Americans spend around $40 billion per year to rent roughly 2 billion sq/ft of storage unit space. Let’s face it, a lot of that money and space is for stuff we should have thrown out long ago.
What about data storage at work? It’s even easier to neglect the dull work of trashing files and folders that are not relevant anymore.
Today is World Backup Day. Readers of EO Advisor probably don’t need to be reminded to back up their data every night. In the current era of cybercrime, we hope this critical best practice is automated and routine.
Instead, let’s take advantage of this special day to focus on an annual spring cleaning where we delete old and useless files.
When it comes to your data, you probably have a bunch of files with important names on them, but many of the documents inside are obsolete, potentially corrupted, and even unopenable.
We all procrastinate when it comes to dealing with obsolete files. Unlike that storage unit filled with extra lamps, unstylish coffee tables, and whatever else we’re clinging to for years on end, the cost of storing data is negligible and the space is virtual.
The data backup for your computer can literally be a carbon copy of your office files that can be stored without regard to physical space and put back together with a few keystrokes if you’ve set it up right. Here’s the concern, if the worst-case situation happens and your company is recovering files from the backup server, it can be very time-consuming and confusing to weed out thousands of obsolete files in search of the ones that are timely, useful, and important.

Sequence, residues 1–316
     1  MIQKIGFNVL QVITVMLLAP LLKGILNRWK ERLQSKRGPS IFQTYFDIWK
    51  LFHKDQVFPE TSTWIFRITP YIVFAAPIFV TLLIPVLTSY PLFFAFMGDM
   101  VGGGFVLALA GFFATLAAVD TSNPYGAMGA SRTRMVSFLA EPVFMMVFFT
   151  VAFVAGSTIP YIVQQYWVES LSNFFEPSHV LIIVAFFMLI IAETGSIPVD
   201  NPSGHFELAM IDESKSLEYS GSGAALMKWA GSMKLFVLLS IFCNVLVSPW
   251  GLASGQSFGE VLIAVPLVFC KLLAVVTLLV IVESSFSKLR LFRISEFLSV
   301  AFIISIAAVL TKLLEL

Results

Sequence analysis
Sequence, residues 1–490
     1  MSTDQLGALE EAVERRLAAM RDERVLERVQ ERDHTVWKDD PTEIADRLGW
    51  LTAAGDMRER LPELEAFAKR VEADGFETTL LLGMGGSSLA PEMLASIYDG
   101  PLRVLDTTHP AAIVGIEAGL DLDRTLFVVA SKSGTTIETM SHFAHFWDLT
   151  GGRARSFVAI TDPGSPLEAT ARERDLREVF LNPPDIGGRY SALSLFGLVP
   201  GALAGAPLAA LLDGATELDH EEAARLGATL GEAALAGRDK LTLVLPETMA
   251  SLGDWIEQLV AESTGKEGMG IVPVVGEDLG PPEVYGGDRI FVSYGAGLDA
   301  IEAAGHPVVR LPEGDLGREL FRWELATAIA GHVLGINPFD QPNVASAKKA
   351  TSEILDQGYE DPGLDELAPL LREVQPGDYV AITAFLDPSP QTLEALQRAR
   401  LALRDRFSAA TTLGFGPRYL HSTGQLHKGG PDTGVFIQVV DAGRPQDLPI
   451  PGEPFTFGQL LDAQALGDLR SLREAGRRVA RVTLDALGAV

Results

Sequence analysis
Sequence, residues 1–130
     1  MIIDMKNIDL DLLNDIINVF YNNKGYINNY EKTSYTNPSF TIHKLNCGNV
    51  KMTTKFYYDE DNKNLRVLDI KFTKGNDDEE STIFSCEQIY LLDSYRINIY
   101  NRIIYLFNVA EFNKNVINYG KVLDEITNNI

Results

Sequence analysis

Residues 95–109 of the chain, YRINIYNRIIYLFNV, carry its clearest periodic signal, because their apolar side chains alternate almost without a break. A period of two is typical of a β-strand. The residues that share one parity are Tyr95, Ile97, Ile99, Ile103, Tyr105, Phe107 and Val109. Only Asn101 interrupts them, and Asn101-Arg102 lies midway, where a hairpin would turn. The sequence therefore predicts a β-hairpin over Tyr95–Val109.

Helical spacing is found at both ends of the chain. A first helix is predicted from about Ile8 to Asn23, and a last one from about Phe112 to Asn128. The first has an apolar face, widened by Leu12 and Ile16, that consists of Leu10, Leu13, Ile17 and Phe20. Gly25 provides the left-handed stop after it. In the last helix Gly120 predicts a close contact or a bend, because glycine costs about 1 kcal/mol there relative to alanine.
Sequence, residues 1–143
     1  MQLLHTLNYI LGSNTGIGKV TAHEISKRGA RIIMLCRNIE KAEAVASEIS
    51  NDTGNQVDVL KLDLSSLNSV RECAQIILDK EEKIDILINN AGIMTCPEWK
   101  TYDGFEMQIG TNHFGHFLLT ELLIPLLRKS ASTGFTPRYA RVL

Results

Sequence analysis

These are the questions worth answering, if only once a year, when World Backup Day reminds us to do our digital Spring Cleaning:
- What data are you backing up?
- How much old crap will you need to weed through when you are recovering from a crisis?
- Can you find critical information? For example, will it be easy to access accounts receivable data to substantiate outstanding invoices immediately? Or, will those time critical files be buried under decades of obsolete accounting data?
- How do you go about the process of recovering data from a backup server?
- How many minutes, hours, or days will it literally take before your organization can access time sensitive data, and is that fast enough?
- Do you do fire drills? Have you ever practiced data recovery, just to make sure it works?
If you need help with the storage unit, call a friend with a truck, or use this guide to clean out your storage unit... However, if you need help cleaning up the data you store, backing it up safely, and rehearsing the recovery process, contact us, and we’ll take care of it.